By Rosem Morton
After I was raped, the days felt never ending. It felt like I was clawing myself out of a deep pit, choking, starving, dying. I couldn’t sleep. I couldn’t eat. I couldn’t work. I was existing in a space where panic attacks were frequent and unpredictable. Where is safety? What is safe? I was overwhelmed and terrified. The feeling was too much and I needed to take the edge off. In trying to make sense of my experience, I picked up my camera and started shooting.
I photographed everything from what I was seeing to what was happening to how I was feeling. I felt like every survivor out there. If there was not enough proof, it did not happen. I kept photographing my proof. The proof of my struggle, of my survival. I learned to process through the lens of a camera. The work transformed itself to an expression of my silenced sorrows and pain.
According to the Rape, Abuse & Incest National Network (RAINN), an American is sexually assaulted every 92 seconds. One out of six American women has been a victim of attempted or completed rape. The Centers for Disease Control and Prevention links the trauma of sexual violence with a myriad of short- and long-term consequences, including chronic health problems, diminished ability to work and perhaps worst of all, an increased risk of further sexual or intimate partner violence.
These statistics are alarming, yet a year ago I did not give it much thought. I naively believed that if I followed what I was taught — to avoid dark alleys, to avoid dressing too provocatively and to be wary of strangers — I would be above the fray. Instead, aside from shattering my misconceptions, every part of me was shattered by my assault.
I kept moving away and saying “no, no, no.” He did not stop. I remember shaking uncontrollably on that warm summer day. It felt like a void consumed me from the inside out. I was left with nothing. I became nothing.
But I don’t want to focus on the details of my assault. For me, the focus is on the aftermath.
I left my assaulter in a daze and walked an hour home. I told my best friend who did not believe or understand me. We had followed everything we were taught to do. How could it happen? It could and it did. I called my husband and he asked me if I reported it. I didn’t. I froze. It’s funny how our body tricks us in order to help us to survive. At that moment, it felt like a day ago when it really was just hours. It felt too late. I felt too late to matter.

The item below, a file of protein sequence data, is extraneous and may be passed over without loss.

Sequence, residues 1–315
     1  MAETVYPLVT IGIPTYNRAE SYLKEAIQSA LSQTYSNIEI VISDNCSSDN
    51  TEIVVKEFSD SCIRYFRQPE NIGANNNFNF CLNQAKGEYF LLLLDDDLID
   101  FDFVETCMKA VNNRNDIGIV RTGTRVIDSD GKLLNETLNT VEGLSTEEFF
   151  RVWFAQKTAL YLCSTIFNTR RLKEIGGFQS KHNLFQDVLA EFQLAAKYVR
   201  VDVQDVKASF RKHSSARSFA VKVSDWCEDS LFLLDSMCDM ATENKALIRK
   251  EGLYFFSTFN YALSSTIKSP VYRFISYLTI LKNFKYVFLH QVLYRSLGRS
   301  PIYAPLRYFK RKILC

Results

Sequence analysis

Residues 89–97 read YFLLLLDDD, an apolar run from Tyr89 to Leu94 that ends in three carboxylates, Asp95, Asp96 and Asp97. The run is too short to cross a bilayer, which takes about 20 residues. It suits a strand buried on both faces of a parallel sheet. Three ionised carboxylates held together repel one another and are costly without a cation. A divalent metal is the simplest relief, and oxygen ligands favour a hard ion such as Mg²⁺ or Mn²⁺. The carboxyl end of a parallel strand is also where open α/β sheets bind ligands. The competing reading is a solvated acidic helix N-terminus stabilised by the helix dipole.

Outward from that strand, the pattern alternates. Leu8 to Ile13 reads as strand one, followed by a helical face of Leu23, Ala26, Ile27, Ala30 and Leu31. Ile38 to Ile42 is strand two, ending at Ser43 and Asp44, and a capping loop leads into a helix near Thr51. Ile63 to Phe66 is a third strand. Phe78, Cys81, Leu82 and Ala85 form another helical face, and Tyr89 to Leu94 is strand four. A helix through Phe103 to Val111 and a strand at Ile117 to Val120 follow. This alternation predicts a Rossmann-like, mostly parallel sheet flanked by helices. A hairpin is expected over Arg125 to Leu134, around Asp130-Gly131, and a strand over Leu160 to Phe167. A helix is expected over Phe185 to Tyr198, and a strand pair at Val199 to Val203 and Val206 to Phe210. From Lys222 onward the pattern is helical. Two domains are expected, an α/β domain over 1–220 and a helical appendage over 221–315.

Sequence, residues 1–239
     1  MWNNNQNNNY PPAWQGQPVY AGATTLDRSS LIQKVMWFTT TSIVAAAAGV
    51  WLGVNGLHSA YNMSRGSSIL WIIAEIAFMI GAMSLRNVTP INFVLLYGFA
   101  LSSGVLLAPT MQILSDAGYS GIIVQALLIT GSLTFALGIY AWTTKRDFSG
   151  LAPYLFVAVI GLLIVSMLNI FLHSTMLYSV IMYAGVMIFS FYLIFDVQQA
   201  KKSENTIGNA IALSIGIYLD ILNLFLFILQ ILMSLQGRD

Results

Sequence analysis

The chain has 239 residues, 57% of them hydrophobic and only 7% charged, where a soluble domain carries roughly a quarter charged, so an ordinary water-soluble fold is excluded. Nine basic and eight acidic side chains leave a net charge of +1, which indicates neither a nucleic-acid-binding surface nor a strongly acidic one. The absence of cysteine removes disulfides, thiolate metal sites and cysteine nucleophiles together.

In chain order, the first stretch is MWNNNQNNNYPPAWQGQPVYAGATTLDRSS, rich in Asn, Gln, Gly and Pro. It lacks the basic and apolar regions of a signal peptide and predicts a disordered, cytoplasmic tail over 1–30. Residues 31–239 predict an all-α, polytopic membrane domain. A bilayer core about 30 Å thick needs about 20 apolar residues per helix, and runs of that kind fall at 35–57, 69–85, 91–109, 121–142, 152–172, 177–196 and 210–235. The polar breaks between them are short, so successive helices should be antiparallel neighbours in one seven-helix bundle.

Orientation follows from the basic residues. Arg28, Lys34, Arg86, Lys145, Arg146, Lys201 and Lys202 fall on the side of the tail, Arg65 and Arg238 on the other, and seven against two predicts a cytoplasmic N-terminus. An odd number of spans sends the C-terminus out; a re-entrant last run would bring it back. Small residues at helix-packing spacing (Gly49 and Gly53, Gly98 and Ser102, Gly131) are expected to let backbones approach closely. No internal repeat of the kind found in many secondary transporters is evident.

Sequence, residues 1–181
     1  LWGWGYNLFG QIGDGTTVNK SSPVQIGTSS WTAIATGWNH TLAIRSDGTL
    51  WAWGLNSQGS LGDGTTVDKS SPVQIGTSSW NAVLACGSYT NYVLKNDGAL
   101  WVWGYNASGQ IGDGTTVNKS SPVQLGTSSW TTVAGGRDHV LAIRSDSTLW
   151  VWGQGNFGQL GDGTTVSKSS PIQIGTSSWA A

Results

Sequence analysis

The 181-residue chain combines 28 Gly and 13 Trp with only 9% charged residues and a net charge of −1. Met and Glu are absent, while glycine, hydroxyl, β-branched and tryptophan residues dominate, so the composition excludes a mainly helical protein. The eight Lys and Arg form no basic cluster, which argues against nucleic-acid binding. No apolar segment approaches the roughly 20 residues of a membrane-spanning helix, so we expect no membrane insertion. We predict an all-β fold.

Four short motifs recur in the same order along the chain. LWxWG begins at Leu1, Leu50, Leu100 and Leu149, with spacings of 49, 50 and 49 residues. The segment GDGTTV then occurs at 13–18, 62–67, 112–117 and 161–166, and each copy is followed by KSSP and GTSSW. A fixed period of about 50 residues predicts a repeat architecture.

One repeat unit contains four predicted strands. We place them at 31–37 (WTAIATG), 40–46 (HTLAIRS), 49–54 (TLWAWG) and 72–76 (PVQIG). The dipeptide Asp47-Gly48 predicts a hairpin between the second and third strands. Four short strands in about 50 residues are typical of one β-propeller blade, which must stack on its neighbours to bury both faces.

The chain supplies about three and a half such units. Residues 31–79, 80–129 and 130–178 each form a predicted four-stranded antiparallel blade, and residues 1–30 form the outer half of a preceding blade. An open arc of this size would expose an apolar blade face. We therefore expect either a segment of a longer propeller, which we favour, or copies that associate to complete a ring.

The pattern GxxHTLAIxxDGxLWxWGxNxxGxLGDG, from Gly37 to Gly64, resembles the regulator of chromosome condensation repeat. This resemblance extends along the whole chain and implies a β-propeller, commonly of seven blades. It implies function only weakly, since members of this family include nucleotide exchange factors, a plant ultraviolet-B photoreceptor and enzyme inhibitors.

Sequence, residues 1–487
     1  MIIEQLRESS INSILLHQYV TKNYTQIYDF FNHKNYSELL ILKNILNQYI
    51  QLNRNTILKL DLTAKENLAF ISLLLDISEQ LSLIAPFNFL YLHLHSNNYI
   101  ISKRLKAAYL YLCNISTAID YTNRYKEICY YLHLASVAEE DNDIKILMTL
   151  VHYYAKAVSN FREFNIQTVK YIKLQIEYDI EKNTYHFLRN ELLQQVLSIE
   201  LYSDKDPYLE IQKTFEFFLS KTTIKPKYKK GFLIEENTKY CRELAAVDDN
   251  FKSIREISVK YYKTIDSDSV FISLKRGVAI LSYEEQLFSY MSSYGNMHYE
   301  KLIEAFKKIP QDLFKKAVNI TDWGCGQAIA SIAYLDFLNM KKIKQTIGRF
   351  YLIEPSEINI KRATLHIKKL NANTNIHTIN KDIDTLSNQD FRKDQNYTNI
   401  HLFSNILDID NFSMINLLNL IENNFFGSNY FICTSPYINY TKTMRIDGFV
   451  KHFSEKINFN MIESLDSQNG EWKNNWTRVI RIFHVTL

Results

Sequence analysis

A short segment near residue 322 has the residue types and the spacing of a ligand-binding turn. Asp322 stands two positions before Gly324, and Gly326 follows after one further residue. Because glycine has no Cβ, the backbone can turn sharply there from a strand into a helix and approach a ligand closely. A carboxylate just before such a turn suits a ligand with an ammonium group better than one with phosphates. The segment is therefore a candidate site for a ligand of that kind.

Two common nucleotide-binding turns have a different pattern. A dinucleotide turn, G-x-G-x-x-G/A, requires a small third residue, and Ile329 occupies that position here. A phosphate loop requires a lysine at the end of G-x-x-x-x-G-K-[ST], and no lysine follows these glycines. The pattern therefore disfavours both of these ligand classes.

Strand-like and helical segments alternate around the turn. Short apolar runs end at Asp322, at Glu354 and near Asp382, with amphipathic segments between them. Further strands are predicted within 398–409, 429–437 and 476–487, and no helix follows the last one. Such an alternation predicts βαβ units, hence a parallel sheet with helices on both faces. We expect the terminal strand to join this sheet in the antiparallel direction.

Within a week, I was fortunate enough to find some help. My gynecologist, from whom I sought treatment after the attack, recognized I was in crisis and helped me find the right therapist. I decided to tell more of my friends to garner more support. Instead, I felt more blame and shame.
As I told more people, I endured unsupportive responses. Engaging so early had its cost. It felt like I was bleeding myself dry. I thought I really needed them to believe and support me. All I really needed was to believe and support myself. It was not and is not my fault.
With some of my friends, it seemed like it was easy to ask how I was doing and then easier to ignore me if I gave an honest and uncomfortable answer. The truth is no one is prepared for trauma because no one talks about trauma.
Later on, I decided to report the rape. People offered their own opinions, most of which were discouraging. They said my life would get turned upside down for a man who would get away with it. They warned me about what court would be like — but not about the trauma of the reporting process. When I told the police officer I was reporting a rape, she took me outside the building and made me state my case in public. She interrupted me and said she could not take my statement.
It was devastating to ask someone to do their job to serve and protect, but it was soul-crushing to have to beg a woman to believe another woman. I spoke to many officers afterward who told me this case was not worth their time. I realize now some of the many reasons why according to 2016 Justice Department numbers, nearly 80% of rapes and sexual assaults go unreported, and RAINN reports that out of 1,000 assaulters, 995 of them will walk free. Too often our culture socializes us to do the easier thing rather than the right thing.
Still, I found another police officer for my statement. I told my story but never heard back about any investigation or followup. Although it hurts, I tell myself I still stood up for myself. Sometimes, it helps. For the most part, photography has helped. It has bridged the gap by allowing my voice I thought was forever silenced to be heard. Over time, I discovered what I ultimately crave. I crave a connection to myself that I lost.
As I complete this photo project, I am learning that rape is not just an assault of the mind and body but also of the voice. I always think about how my life could have been different if had I known back then a story like what ended up happening to me. Maybe when I was raped when I was 18, I would have understood what happened to me. I might have gotten help. Maybe, when I was 27, I wouldn’t have been raped. Maybe it wouldn’t have taken that rape to get me into therapy, where I would begin to make sense of the traumas in my life.
My husband sometimes asks me: Why are you sharing this work now, so early in your experience? Why can’t it wait? I always answer: Because it is important. It feels necessary. Although this turbulent journey is far from over, I am compelled to speak up and share my story. The world may be determined to silence us, but I am even more determined to speak up and share my story. My project is dedicated to the innocent girl I was and to many others who think they are alone. You’re not.
Photo editors: Brett Roegiers and Bernadette Tuazon